Staying in the house costs twenty five pounds per week (in my future research, I hope to learn where clients are expected to find this money).  This charge helps cover costs of food, electricity, water, and basic maintenance of the organization itself.  Regarding food, there are two halves of the building.  In one, a chef cooks all meals for the clients who often speak of “moving up to the other side.”  Once promoted, so to speak, they receive a bit more responsibility: the shelter returns twenty pounds of the fee for food shopping.  On their first excursion, a patron and a member of staff go together to learn how to make nutritious, affordable meal choices.  When their dependability is proven, clients may food shop on their own.  However, they must continue to present the receipts to make sure that appropriate selections are being made each time.

At Bishopbridge, people may keep their pets.  Dog training classes are available, as well as recreational lessons like computer classes (where usage of Facebook is taught to reunite clients with their families and friends) and flower pot painting.

My Internship

I will be exploring each of the aforementioned facets of Bishopbridge’s mission over the course of a month.  For one morning session and one night session, I will go out with CAPS to the streets of Norwich and inform the homeless of Bishopbridge, as well as encourage them to use its resources.   I will also be taught how the homeless are designated to various organizations, as well as the process of moving through the system.  One Monday, I will sit in on the distribution of stipends and possibly shadow a member of staff during food shopping.  I hope to watch a recreational class in session, and generally see how the shelter is run while simultaneously learning about homelessness in Norwich as a general issue.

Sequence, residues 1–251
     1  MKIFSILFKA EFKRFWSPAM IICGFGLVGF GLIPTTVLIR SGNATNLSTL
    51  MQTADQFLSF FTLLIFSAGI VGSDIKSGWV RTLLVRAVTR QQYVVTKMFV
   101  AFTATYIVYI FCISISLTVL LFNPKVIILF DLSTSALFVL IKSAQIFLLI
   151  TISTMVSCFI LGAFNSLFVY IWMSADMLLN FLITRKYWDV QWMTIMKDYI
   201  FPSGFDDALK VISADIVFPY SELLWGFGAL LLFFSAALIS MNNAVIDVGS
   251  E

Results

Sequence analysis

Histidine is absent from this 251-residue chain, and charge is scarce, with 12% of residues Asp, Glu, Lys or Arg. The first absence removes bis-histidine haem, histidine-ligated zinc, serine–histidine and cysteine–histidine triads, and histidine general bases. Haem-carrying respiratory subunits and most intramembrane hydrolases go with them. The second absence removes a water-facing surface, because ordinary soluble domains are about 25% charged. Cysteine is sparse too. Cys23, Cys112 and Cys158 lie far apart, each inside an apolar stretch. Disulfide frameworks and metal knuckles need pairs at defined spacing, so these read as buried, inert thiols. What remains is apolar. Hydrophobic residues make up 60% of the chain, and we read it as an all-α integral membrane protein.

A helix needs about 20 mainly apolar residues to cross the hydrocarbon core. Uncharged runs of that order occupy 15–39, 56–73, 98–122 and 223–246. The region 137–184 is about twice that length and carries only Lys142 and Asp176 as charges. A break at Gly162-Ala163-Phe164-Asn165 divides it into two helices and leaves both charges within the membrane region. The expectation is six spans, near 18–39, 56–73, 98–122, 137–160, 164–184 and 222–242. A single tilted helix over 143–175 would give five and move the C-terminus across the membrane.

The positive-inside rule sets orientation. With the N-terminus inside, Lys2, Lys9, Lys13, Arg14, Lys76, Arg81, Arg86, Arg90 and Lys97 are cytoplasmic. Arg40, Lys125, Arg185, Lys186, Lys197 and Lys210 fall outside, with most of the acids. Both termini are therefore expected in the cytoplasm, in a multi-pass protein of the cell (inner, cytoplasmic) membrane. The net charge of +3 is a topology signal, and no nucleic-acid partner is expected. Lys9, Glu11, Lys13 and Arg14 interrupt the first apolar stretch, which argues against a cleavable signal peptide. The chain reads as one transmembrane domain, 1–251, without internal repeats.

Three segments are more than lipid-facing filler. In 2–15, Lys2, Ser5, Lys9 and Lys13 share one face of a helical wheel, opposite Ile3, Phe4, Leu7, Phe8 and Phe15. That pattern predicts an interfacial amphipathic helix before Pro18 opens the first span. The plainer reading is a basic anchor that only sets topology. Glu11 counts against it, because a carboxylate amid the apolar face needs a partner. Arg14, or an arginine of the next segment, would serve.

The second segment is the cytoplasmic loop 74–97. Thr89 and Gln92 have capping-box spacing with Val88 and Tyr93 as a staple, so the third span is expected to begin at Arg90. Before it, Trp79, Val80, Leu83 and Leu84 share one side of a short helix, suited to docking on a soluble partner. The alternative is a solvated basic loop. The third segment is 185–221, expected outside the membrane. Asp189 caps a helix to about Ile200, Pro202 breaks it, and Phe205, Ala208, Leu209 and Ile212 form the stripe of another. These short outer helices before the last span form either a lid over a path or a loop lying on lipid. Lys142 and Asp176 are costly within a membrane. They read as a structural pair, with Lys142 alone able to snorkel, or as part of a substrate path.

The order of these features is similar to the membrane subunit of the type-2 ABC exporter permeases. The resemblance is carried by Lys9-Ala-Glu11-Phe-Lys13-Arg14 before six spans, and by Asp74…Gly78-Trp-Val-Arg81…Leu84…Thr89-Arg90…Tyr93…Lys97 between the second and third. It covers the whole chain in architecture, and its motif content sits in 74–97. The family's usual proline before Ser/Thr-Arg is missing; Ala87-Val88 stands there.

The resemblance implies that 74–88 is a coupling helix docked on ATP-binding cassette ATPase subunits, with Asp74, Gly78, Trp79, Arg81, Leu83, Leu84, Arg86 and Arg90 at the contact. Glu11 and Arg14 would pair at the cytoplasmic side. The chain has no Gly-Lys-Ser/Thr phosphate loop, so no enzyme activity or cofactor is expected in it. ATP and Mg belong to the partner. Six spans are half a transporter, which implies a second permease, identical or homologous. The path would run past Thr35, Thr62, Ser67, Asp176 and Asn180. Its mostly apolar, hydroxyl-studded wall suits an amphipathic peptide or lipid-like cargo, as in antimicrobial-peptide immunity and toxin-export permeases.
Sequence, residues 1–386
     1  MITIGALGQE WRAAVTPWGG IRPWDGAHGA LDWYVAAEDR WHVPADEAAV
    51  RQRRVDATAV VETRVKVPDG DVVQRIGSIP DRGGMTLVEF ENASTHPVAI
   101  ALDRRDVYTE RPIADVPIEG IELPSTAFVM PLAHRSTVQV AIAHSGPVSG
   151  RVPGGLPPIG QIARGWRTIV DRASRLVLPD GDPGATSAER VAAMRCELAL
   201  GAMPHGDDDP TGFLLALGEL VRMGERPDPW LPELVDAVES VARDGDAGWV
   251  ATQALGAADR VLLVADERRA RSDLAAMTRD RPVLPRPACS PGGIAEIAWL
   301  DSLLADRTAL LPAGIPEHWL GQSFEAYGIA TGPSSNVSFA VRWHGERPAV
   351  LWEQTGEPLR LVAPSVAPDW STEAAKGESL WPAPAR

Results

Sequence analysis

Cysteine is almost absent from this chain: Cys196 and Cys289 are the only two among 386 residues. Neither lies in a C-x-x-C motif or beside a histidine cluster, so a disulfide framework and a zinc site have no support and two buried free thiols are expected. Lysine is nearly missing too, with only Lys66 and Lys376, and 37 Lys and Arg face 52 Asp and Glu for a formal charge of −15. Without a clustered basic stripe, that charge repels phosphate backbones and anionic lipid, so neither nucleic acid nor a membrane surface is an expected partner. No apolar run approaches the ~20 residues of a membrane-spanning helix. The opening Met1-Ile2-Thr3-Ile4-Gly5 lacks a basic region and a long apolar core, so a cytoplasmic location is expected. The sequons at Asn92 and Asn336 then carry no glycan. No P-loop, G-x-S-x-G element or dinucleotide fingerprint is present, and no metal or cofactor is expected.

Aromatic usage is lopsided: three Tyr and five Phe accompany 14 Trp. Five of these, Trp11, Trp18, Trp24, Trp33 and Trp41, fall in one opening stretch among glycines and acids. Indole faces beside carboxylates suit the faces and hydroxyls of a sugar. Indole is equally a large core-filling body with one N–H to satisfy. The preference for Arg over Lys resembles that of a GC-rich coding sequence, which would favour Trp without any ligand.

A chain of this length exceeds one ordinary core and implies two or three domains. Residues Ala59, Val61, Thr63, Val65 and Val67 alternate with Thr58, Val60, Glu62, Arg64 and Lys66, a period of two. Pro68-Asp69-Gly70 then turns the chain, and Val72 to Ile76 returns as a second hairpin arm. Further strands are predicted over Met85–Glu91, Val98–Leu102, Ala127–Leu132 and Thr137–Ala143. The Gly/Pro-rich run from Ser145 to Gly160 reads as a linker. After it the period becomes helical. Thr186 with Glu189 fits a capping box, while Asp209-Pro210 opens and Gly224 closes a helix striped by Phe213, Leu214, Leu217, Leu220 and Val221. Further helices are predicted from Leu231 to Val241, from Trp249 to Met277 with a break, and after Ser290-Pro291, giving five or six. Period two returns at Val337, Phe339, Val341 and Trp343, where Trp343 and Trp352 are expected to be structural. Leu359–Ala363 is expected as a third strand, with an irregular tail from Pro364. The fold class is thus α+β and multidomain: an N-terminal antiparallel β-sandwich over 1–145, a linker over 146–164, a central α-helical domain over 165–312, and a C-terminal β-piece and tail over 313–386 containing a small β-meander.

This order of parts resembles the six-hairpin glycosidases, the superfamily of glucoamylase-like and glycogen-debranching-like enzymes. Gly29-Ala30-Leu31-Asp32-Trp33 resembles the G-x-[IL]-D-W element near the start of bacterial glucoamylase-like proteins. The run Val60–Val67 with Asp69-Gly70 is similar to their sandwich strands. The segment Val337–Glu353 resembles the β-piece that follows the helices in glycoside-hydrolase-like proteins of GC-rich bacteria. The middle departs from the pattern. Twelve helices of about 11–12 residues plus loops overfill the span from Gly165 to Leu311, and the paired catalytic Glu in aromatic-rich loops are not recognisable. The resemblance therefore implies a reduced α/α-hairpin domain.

Hours Logged: 1

Total Hours: 1

Tags: Amy

What’s hip ’bout the airship? Steampunk in the UK

January 22nd, 2010 · 1 Comment

So this is by no means what I am doing or my presentations; however, I felt it would be of interest to you folks anyway. Over winter holiday, I went to visit the MHS (Museum of the History of Science) to see their exhibit on the art that has come out of steampunk movement, both and England and worldwide. It was fantastic, and I definitely recommend it as it is running until  February 21st.

For most people, the idea of steampunk (and the movement surrounding it) is quite foreign, so I will do my best to explain what I believe it to be. I stress that this is strictly my interpretation, as it is a severally decentralized idea with many interpretations. The way I see it there are three major aspects of steampunk. The first being the history surrounding it. The second is the art that has come from it, both literature, music and painting. And the third, is the DIY(do it yourself). 

It is difficult to pinpoint when “steampunk” first originated.  The OED places the term steampunk around 1987 by Jeter in Locus; it being based off of the previous genre of cyberpunk, which is is an entire different subject.  Despite its fairly modern coinage, steampunk has arguably been around since the Victorian era (whence it is based).  Works from Jules Verne to H.G Wells sought to look into the future of technology, using what understanding they had around them.  In more modern works, steampunk looks at modern technology and wonders how the Victorian era would have created it. How would our society have benefits or been illed if the social atmosphere of the 1800s had continued to present day?